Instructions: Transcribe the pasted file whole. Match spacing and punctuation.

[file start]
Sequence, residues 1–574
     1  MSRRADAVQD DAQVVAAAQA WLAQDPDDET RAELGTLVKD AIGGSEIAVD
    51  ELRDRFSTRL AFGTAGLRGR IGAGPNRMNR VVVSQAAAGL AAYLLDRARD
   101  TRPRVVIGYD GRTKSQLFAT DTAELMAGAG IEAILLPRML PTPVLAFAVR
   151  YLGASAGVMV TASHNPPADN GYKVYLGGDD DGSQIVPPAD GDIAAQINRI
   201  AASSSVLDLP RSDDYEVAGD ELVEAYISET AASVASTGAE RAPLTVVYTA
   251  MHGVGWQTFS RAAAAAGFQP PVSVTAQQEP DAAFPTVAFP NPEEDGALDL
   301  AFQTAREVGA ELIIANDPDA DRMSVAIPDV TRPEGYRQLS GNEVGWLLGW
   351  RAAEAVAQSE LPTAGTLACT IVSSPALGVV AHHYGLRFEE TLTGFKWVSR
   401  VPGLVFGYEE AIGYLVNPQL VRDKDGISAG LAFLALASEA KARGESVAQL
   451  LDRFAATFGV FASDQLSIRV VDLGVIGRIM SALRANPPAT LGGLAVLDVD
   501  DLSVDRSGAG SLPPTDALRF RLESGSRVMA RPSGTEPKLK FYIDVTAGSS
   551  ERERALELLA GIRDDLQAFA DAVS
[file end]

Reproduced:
Sequence, residues 1–574
     1  MSRRADAVQD DAQVVAAAQA WLAQDPDDET RAELGTLVKD AIGGSEIAVD
    51  ELRDRFSTRL AFGTAGLRGR IGAGPNRMNR VVVSQAAAGL AAYLLDRARD
   101  TRPRVVIGYD GRTKSQLFAT DTAELMAGAG IEAILLPRML PTPVLAFAVR
   151  YLGASAGVMV TASHNPPADN GYKVYLGGDD DGSQIVPPAD GDIAAQINRI
   201  AASSSVLDLP RSDDYEVAGD ELVEAYISET AASVASTGAE RAPLTVVYTA
   251  MHGVGWQTFS RAAAAAGFQP PVSVTAQQEP DAAFPTVAFP NPEEDGALDL
   301  AFQTAREVGA ELIIANDPDA DRMSVAIPDV TRPEGYRQLS GNEVGWLLGW
   351  RAAEAVAQSE LPTAGTLACT IVSSPALGVV AHHYGLRFEE TLTGFKWVSR
   401  VPGLVFGYEE AIGYLVNPQL VRDKDGISAG LAFLALASEA KARGESVAQL
   451  LDRFAATFGV FASDQLSIRV VDLGVIGRIM SALRANPPAT LGGLAVLDVD
   501  DLSVDRSGAG SLPPTDALRF RLESGSRVMA RPSGTEPKLK FYIDVTAGSS
   551  ERERALELLA GIRDDLQAFA DAVS